How many rolls of toilet paper do you have in your home? Enough for a week? A month? A year? Who makes that decision and why? These very basic, simple questions have led to an improbable toilet paper “shortage” resulting from panic over the coronavirus, and serve as a metaphor for the broader supply problem.
Hospital administrators and local, state and federal political leaders are all being criticized for not having adequate supplies of both disposables and equipment to deal with the coronavirus. They have turned on each other, and many in the irresponsible press have sought to inflame the situation rather than to use the problem to explain the difficulties of inventory management.
First, it is impossible to have adequate supplies of everything for every possible crisis. Second, inventories are costly both in their acquisition and storage, and most things held in storage for too long tend to deteriorate.
The United States is a federal republic with hospitals being owned by the for-profit private sector, the non-profit private sector, and local and state governments, as well as the federal government with the VA hospitals. The decisions of what supplies and equipment to have in each hospital are functions of budget limitations and expected risks of various unknowns by many different individuals in these separate hospitals trying to do their best.
It is silly for people in media (or House Speaker Nancy Pelosi), most of whom have never managed anything, let alone something as complex as a hospital, to blame President Trump for a shortage of face masks and ventilators. It is the job of hospital administrations, and, in the case of public hospitals, local mayors, governors and their public health officials to determine optimum levels of things that may be needed.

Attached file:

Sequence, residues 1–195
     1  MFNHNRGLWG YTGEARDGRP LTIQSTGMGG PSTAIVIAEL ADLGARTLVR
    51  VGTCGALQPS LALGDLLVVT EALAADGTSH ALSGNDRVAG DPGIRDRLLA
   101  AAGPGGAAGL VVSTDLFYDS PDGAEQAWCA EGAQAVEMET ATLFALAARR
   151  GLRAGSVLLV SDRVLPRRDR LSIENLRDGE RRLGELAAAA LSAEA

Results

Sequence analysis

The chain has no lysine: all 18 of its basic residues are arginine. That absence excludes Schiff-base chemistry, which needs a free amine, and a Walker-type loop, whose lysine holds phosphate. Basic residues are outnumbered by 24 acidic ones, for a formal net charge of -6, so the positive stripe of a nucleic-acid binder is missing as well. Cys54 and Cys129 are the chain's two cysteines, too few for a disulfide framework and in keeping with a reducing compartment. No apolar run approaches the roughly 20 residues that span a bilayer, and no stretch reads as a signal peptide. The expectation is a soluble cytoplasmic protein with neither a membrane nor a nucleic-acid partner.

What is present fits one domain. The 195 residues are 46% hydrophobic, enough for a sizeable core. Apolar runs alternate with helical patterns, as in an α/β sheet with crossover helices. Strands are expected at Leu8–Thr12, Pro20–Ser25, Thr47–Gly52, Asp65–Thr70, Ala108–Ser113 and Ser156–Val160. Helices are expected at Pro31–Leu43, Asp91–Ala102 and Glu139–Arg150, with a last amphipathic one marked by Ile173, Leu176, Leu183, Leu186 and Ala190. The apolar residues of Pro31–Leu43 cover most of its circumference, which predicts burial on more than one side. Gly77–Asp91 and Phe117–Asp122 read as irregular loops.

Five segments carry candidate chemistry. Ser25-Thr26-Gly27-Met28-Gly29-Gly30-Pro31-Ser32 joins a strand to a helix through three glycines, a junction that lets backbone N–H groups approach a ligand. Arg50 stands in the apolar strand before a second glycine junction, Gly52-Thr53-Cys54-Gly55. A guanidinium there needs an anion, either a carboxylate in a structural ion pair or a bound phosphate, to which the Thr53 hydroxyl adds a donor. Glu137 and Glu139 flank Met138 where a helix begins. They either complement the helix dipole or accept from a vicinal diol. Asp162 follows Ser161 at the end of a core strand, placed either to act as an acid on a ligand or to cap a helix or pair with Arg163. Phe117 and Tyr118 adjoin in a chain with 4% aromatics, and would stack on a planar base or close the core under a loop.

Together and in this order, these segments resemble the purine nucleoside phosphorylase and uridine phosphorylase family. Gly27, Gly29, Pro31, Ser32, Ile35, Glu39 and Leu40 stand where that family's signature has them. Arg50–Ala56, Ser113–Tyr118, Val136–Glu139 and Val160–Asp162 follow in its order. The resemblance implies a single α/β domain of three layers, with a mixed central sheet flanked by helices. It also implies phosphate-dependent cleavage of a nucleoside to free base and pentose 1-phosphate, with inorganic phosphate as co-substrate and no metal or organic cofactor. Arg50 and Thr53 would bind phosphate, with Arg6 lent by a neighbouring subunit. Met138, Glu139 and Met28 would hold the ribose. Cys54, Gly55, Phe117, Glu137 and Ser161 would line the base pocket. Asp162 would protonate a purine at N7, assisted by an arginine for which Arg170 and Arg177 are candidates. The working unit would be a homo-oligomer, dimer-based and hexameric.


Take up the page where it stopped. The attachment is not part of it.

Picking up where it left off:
As far as I am aware, the first major media person to sound the alarm that the coronavirus in China might lead to a pandemic was Tucker Carlson of Fox. At the same time, most of the rest of the press was totally focused on impeaching President Trump for a crime that none of them could name. Fortunately, Mr. Carlson got the ear of the president, which resulted in his imposition of the China travel ban — for which he was almost universally criticized by the media establishment and Democratic politicians (notably Joe Biden).
It appears that all too few state and local government officials and hospital administrators took the warnings sufficiently seriously to quickly place orders for the necessary quantities of face masks, protective gear, etc., which could have been supplied in a very few weeks. Ventilators fit in a different category in that they are a complex and expensive piece of equipment where it takes some time to ramp up production.
People who have never managed or even seen a manufacturing line often have little idea of how complex and difficult it is to make what appears to be simple and inexpensive products. Take a face mask — seems simple. First, you need to design it to fit most faces, which vary. How about guys with beards? You need to use the right materials to give good protection. Where do you get those materials and who makes them? What machines do you need to put them together in a consistent and efficient manner? The rest of the necessary protective gear is much more complex.
The point is that no one has perfect foresight; and even when a future demand for something can be clearly seen, it takes many skilled and knowledgeable people to produce whatever item, and it usually cannot be done overnight. Can you imagine, if the Washington press core was suddenly told they had to produce their own toilet paper — even collectively — what would happen? Hey, it’s a simple product and we need it now!
Mr. Trump should lead them through a modern paper mill that produces toilet paper. They would be amazed at the complexity of the process and the number of steps and the capital equipment needed — huge machines that grind large trees to pulp, bleach it, and put the pulp through many screens to get the right consistency and thickness and then roll and wrap it — not easy or cheap. (The old Soviet Union never mastered it. If you were able to find a roll of toilet paper in Russia, it was either coarse — hey, what are a few splinters? — slippery like wax paper or filled with holes like Swiss cheese.)
Rather than complaining about the temporary shortage of this or that — we would all be better off marveling at the amazing inventory control and management of the supply chain by thousands of different businesses. Walmart and Amazon each sell literally tens of millions of different products, and most are available on demand each day. The beauty of the free-market system is, if there is demand for most anything, it will be supplied in a fraction of the time that it would take for a government to try to do it.
The doctors and the nurses deserve high praise, but so do the logistics and manufacturing experts, truck drivers, and air and train crews, who meet the needs for timely products to deal with the crisis. Hooray for them!